SEO Content appears the first in source code and on the very bottom of page. Its placement depends on Module.

1. Edit it in CMS "SEO Content" Content Area on normal CMS pages.

2. E-commerce categories have it in "SEO ("SEO Content")" section.

3. E-commerce Product is editable in "SEO Data (Content)" section.

There is default one that is in /styles/master1/c/ folder. If you want to replace it, just upload image with "caption-sub.jpg" name to the folder. Size should be 1920 x 320 pixels (6:1)

You can use Caption Image field in CMS to replace it on specific pages.

Or upload Category Image on category pages.

1. CMS - "Header" field

2. Ecommerce Category - category name

3. Ecommerce Product - product name

4. Blog list - blog name

5. Blog post - post name

6. News/Events item - news/events name


Blog and News/Events module also contain subtitle that is pushed automatically from modules

Tales of Acceptance

Triathlon is the exclusive village of inclusion.  A mobile community of all shapes and sizes that share a united spirit of acceptance.

I remember my first triathlon ten years ago.  The ripped and chiseled bodies surrounded my Mrs. Pillsbury Dough frame.  I felt completely intimidated.

My curvy, full-figured frame made me more of candidate as a Lane Bryant model and less of a cover girl for Triathlon Magazine. 

As I nervously stood in the packet pick-up line, I longed to hide my plus-size frame under a big tent.  The woman who stood next to me saw my tee-shirt, “Tri-It for Wyatt.”  I was racing in honor of my son, Wyatt and Autism Speaks.  She asked me about it and suddenly I was telling our family’s story of perseverance in the name of love.  I explained that my son’s limb difference and delayed speech inspired me to “find a way” to endure.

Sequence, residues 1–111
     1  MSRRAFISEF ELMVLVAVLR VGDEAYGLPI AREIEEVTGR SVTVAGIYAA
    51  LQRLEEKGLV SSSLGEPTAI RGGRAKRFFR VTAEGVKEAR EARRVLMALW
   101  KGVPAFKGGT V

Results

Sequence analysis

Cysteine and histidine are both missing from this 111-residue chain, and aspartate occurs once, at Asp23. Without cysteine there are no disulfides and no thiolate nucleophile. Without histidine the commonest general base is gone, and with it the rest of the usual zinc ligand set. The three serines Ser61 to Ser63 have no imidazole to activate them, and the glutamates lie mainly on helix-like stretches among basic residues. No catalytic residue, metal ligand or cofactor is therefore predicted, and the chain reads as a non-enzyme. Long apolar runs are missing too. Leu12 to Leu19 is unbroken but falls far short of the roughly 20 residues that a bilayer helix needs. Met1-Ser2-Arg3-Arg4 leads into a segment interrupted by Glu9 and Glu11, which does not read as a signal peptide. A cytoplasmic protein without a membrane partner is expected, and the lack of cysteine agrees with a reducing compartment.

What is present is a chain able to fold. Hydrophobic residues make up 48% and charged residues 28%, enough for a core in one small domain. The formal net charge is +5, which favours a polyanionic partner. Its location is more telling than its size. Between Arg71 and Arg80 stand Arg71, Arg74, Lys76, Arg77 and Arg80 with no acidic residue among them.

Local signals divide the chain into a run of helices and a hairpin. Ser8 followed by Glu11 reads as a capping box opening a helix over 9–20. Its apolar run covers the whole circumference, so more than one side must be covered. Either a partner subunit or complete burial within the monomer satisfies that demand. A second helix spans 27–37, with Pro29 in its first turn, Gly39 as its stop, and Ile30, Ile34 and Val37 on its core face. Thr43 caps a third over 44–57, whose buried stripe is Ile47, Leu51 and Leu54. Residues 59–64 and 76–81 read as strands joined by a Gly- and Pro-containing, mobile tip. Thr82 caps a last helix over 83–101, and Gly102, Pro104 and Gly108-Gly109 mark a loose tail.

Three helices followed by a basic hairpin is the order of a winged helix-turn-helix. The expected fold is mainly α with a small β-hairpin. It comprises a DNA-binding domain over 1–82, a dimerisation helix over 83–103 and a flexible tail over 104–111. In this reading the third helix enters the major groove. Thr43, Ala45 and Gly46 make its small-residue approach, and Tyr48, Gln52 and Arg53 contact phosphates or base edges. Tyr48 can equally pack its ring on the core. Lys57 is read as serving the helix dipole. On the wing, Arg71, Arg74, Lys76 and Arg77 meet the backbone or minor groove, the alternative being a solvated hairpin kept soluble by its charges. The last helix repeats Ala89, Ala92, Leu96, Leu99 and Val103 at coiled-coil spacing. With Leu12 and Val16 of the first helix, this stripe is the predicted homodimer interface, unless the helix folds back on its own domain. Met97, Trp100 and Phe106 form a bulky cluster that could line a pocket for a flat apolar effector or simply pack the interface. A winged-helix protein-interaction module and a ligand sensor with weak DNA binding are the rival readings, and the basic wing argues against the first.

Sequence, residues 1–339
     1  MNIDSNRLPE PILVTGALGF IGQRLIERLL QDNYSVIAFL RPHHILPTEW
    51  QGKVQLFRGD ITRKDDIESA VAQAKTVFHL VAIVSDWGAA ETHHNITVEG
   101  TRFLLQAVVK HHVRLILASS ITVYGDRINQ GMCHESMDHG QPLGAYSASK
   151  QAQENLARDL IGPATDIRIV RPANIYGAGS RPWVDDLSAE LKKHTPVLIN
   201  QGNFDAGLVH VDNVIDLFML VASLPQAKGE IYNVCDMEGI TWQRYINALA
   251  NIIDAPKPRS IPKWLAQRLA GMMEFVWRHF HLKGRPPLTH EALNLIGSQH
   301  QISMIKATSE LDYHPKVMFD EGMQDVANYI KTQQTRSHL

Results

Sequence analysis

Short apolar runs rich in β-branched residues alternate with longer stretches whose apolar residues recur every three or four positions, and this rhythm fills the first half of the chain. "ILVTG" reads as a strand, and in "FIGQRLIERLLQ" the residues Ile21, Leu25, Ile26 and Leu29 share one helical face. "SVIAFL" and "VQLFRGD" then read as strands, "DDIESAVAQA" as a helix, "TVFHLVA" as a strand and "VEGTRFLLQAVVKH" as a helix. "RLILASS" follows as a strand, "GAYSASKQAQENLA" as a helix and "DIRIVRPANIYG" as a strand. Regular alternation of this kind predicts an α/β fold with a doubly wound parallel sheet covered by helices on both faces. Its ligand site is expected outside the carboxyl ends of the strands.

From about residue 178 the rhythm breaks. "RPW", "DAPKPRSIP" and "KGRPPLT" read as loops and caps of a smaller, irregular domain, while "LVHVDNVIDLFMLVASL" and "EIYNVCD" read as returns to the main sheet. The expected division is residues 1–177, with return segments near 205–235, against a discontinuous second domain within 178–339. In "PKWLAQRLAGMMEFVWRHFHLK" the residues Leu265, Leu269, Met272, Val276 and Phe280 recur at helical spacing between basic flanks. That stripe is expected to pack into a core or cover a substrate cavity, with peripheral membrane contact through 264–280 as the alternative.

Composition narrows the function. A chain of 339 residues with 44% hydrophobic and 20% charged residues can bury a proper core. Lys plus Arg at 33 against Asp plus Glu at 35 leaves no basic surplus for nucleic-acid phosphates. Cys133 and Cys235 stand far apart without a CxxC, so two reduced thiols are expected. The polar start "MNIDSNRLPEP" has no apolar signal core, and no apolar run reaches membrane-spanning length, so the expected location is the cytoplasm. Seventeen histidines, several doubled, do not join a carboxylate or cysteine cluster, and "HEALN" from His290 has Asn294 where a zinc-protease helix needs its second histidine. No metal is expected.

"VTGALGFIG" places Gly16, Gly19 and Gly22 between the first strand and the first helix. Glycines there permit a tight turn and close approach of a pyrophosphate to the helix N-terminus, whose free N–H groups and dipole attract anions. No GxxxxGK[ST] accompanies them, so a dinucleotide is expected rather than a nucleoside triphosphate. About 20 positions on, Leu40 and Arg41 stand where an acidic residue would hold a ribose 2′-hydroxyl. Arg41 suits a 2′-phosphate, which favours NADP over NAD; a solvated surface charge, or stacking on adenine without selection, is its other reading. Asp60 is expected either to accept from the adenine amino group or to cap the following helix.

Suddenly the very slim and buff women had become my new BFF.  She too had a child on the spectrum.  In that instant I felt connected and supported.  I regretted judging her as I was reminded that triathlon is a connecting point to an expanded community.

The truth is that each time I have judged someone by their size, I have learned an important lesson about myself. 

Four years ago, I had the honor of meeting John Young, the first person with dwarfism to complete an Ironman.  We met at Ironman Maryland in October 2016.  I was inspired by his words, “This is for everyone who’s ever told me ‘you’re too small to do that.”  In a light moment, I joked that our connecting point was people telling me, “I was too big to do that!”

After the race, I reached out to John, I was humbled to be the keynote speaker at a graduation for children with special needs.  I asked him what he would say to inspire them.  His words melted my heart, “Many people will doubt what you can do, even those who care for you and might be worried you might get hurt either physically or emotionally.  If what you REALLY want to do is important to you, you might have to ignore those naysayers and prove to yourself that, “YOU CAN DO IT!”

John’s words inspired me to close my speech by saying, “Find a way to make a difference in this world – because you bring something unique and wonderful to your family, your teachers and this community. “

Every single time I begin to doubt myself or my place in the triathlon world, I remember John’s words and the many athletes that have encouraged me.  

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